Globalstar uses LEO satellites similar to Iridium and offers the best voice quality across the networks. Globalstar is currently in the process of decommissioning many of their old satellites and replacing them with new versions. This makes the service across Australia very patchy right now, especially in the northern quarter of Australia, above Broome and Townsville. Globalstar also does not offer coverage for prepaid plans in Australia currently.
Inmarsat is a global satellite communications network using geosynchronous satellites providing services predominantly to the military, industrial, marine and business sectors worldwide. They have the most extensive coverage of any geostationary network, offer both prepaid and postpaid plans, and have two satellites near Australia dedicated to the wider Pacific region.
Thuraya also uses geosynchronous satellites. They do provide some coverage to Australia, however, they are located in the United Arab Emirates and primarily serve Europe, Africa and the Middle East. Thuraya offers some of the fastest data speeds for WiFi and offer good casual plans and are slowly growing their coverage over Australia. “In Australia the further north you go, the better the coverage gets. The further south you go, the worse it gets,” says Maggs.
This is due to that their geostationary satellite is located above Singapore and not dedicated to covering all of Australia.
Be sure to check the websites of each of the networks, as their coverage is continually being updated and changed as they launch new satellites into their existing constellations.
Which sat phone is right for me?
Portable sat phone handsets are lightweight yet robust, typically resembling something similar to those old Nokia phones that we use to play snake on. You might think that’s big by today’s technological standards, but remember that the key here is durability. It is important to make sure the sat phone is waterproof, dustproof and has a long battery life.
When looking at sat phones, Maggs explains that there are at least four things you should consider: its intended applications, how long you are likely to need access to a satellite network, where you will be using your sat phone and the types of information you want to send and receive.
Applications and features
Consider what you want your sat phone to do. If the sat phone is just for emergency circumstances, a simple call, SOS, GPS and messaging features should be enough. If you often travel to remote areas for work, you may need a more technologically advanced phone complete with Bluetooth, email messaging, calendar, alarm, maps and social media applications. The more applications and features on the phone, the larger and heavier the handset will be.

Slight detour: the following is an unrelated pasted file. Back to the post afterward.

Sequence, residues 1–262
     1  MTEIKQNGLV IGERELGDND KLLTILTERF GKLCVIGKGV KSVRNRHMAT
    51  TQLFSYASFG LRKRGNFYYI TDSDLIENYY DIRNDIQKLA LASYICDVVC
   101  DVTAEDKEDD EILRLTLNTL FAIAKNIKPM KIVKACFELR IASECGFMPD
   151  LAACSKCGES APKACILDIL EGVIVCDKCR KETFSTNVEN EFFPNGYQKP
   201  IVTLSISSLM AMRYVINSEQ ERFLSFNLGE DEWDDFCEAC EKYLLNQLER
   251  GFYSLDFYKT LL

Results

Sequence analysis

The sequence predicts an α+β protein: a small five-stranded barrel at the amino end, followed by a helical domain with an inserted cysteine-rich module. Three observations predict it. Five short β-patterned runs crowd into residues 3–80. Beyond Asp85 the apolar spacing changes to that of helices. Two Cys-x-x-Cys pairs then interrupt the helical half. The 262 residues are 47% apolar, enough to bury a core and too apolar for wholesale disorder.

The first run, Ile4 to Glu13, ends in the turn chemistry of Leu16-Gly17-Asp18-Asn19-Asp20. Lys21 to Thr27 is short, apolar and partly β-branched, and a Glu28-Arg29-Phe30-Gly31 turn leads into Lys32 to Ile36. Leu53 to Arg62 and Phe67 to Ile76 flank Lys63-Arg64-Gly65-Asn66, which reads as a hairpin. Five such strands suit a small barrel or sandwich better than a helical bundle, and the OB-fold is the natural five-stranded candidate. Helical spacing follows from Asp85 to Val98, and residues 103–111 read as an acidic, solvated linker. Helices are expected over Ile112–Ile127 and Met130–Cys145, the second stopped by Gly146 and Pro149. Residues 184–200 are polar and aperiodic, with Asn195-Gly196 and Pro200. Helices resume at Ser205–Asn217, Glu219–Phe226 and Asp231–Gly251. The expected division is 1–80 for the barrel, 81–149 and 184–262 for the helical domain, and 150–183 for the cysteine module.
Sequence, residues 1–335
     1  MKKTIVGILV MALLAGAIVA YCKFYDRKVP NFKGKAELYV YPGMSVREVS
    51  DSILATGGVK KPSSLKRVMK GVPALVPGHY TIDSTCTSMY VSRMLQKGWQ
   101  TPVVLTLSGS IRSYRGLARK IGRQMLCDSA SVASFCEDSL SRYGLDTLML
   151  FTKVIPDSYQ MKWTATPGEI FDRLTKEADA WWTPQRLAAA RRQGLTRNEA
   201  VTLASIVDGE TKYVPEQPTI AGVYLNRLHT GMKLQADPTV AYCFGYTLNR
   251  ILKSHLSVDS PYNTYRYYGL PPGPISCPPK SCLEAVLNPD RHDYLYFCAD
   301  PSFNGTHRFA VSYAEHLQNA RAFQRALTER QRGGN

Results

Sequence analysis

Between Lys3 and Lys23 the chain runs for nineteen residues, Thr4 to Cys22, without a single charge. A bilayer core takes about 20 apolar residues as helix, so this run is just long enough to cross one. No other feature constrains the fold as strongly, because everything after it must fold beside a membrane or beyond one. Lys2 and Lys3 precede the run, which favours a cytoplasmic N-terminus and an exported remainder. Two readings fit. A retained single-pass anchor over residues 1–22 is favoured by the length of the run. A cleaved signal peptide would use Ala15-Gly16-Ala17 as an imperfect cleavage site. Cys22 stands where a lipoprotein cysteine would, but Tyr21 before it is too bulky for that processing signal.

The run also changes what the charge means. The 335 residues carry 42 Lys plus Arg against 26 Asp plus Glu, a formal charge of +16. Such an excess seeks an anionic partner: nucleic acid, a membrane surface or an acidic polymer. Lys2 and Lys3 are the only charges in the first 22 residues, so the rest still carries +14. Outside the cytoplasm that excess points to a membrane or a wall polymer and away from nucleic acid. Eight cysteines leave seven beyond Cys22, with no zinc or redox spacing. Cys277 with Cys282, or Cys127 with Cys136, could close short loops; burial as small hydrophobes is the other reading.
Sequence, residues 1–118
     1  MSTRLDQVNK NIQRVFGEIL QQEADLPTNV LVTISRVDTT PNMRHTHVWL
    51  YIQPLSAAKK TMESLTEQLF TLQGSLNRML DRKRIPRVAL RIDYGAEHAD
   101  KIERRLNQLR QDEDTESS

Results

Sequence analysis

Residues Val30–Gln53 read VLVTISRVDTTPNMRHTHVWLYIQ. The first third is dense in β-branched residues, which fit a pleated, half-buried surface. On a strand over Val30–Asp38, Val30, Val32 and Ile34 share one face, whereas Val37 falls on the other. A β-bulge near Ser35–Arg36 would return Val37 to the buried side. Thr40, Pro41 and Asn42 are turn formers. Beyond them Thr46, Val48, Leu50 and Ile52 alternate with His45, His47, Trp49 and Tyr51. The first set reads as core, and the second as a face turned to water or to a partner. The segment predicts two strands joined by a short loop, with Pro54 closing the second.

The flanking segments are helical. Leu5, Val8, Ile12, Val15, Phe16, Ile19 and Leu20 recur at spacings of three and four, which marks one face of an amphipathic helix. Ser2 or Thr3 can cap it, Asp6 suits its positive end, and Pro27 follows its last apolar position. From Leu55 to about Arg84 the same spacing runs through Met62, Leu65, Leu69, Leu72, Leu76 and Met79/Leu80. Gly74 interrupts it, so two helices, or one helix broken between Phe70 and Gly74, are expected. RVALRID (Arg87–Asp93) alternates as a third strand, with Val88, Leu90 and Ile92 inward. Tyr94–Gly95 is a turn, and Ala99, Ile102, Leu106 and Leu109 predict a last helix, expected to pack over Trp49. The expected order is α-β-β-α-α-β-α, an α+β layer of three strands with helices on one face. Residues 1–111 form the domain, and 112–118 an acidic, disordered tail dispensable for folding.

The time you plan on spending on the satellite network will also determine which handset and carrier you need. If you are going to be in ‘sight’ of a geostationary satellite and need to be constantly connected to the network, Inmarsat or Thuraya are the better options. If you just want to keep the outside world updated every now and again, Iridium or Globalstar is going to serve you best.
The Iridium Extreme is one of the most versatile sat phones on the market.
Terrain and intended location
There is a discernible difference in satellite phones if you plan on using one while travelling overseas, compared to just touring Australia. Different carriers have different levels of global coverage.
For example. if you are heading to the north or south pole, you can’t use a network with geostationary satellites, as their current coverage can’t reach there. Using this sat phone while away at sea, instead of on land, will also affect which carrier you can use and the additional accessories you will need. For more information, there is a section below about picking a sat phone for marine use.
Sending and receiving
At a minimum, most networks allow users to send and receive calls and SMS messages from their phone. An SOS transponder is also standard on all phones.
If you are looking to receive information from the web such as social media updates, weather reports, news, you will need a more capable and expensive sat phone to fulfil these requirements. It is worth mentioning that Globalstar currently only lets you receive SMS messages, but not send them.
Plans from the Networks
Once you have chosen your sat phone, the next decision is what plan you will be using. Much like your mobile phone, different carriers offer different plans to go with their phones, each with different charges for international calls, sat phone to sat phone calls and cost per minute. Telstra is partnered with Iridium in Australia, while Optus works with Thuraya. Inmarsat and Globalstar plans can be arranged through third party businesses such as [SatPhone Shop] or through the carrier themselves.
All carriers offer postpaid and prepaid plans, except Globalstar which doesn’t offer prepaid SIMS. Postpaid plans tend to be far better value than prepaid. However, if you aren’t using your sat phone consistently through the contracted time, it may end up becoming a huge waste of money.
Prepaid plans are perfect for travellers who aren’t sure if they will be using their sat phone a bunch or don’t want to commit to a single plan. Most carriers only allow their prepaid SIMs to work for a year, after which it will expire and any remaining credit will be forfeited.